Pneumonia from gram-negative bacteria is a leading cause of mortality from infectious diseases in the U.S.(Armstrong et al., 1999
; Mizgerd, 2006
). Neutrophil influx is a crucial component of innate immunity against bacterial infection, but excess neutrophil influx and activation may initiate acute lung injury, necessitating exquisite control over inflammatory cell recruitment and activation. One of the components of this regulatory system is the family of ELR+
CXC chemokines (CXCL1, 2, 5, and 15), which play critical roles in the inflammatory responses in rodents and humans. Despite considerable homology between these family members, it is unclear whether they are functionally redundant or capable of distinct actions. In humans, CXCL5 was found to be most strongly and consistently correlated with neutrophil numbers in the lung fluids of patients with acute respiratory distress syndrome (ARDS)(Goodman et al., 1996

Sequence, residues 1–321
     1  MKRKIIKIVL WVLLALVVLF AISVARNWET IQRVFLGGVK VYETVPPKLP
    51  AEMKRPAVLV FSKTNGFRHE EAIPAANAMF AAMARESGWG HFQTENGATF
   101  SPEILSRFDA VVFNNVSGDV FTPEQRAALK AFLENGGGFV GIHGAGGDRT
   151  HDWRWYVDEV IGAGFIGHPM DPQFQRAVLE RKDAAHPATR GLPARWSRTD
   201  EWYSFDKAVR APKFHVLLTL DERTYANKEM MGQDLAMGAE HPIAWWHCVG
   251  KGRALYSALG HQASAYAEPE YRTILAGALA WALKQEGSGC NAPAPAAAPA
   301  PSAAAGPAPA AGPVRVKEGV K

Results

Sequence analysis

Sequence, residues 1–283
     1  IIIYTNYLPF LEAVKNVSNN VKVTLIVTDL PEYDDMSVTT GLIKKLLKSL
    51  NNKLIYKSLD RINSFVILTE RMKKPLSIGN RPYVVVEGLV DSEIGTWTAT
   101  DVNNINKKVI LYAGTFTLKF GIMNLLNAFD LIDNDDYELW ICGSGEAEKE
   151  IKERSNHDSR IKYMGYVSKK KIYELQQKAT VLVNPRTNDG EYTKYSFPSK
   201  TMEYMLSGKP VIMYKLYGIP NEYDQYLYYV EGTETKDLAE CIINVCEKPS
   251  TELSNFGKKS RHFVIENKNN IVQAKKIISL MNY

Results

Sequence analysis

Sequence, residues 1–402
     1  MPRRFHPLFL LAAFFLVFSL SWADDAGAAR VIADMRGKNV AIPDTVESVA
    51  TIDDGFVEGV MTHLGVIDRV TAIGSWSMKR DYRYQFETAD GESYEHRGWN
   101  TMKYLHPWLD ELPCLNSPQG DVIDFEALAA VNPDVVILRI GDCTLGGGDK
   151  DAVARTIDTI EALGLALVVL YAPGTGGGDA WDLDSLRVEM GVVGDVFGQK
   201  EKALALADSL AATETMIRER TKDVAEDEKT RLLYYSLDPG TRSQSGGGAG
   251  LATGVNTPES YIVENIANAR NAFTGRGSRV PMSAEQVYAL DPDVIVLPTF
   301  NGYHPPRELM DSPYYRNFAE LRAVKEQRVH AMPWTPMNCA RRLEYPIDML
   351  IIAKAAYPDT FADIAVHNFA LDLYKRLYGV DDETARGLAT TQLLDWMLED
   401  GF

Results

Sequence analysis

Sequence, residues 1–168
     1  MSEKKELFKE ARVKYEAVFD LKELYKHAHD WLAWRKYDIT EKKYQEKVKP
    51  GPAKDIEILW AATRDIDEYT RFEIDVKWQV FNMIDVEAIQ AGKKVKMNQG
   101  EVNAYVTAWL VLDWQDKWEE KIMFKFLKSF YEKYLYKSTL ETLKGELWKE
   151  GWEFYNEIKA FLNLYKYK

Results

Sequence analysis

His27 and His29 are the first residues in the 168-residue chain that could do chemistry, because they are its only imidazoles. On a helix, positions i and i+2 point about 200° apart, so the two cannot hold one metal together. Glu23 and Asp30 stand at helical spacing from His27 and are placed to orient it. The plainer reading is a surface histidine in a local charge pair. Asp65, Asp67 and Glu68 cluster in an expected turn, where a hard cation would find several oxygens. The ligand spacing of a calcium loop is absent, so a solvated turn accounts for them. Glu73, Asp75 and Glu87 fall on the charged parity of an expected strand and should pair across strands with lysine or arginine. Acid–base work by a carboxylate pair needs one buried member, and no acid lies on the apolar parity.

), highlighting the potential importance of CXCL5 in regulation of lung inflammation and injury.
In attempting to define genetically the role of CXCL5 in pulmonary inflammation and host defense against gram-negative bacterial pneumonia, we have uncovered unique aspects of CXCL5 biology. With in vitro and in vivo studies, we have demonstrated that CXCL5 inhibits chemokine scavenging at least in part through its homeostatic and high-affinity binding with erythrocyte DARC. Hence in the absence of CXCL5, DARC scavenges proinflammatory chemokines, thus contributing to re-shaping the chemokine gradients for neutrophil influx to the lung during severe E.coli pneumonia. In contrast, in response to LPS inhalation, a self-limited inflammatory response in the lung, deletion of CXCL5 markedly impairs neutrophil accumulation in the airspace, thus revealing critical non-redundant roles for this chemokine in lung inflammation in these two models. Furthermore, CXCL5 demonstrates features of both homeostatic chemokines (detected in plasma and bound to erythrocytes of normal mice) and inflammatory chemokines (enhanced expression during inflammation). Perhaps most surprising of all, our data indicate that the source of circulating CXCL5 in the basal homeostatic condition is the platelet, while lung resident cells (principally AE II cells, we suggest) are the source of CXCL5 in the lung and (to a large extent) blood during lung inflammation.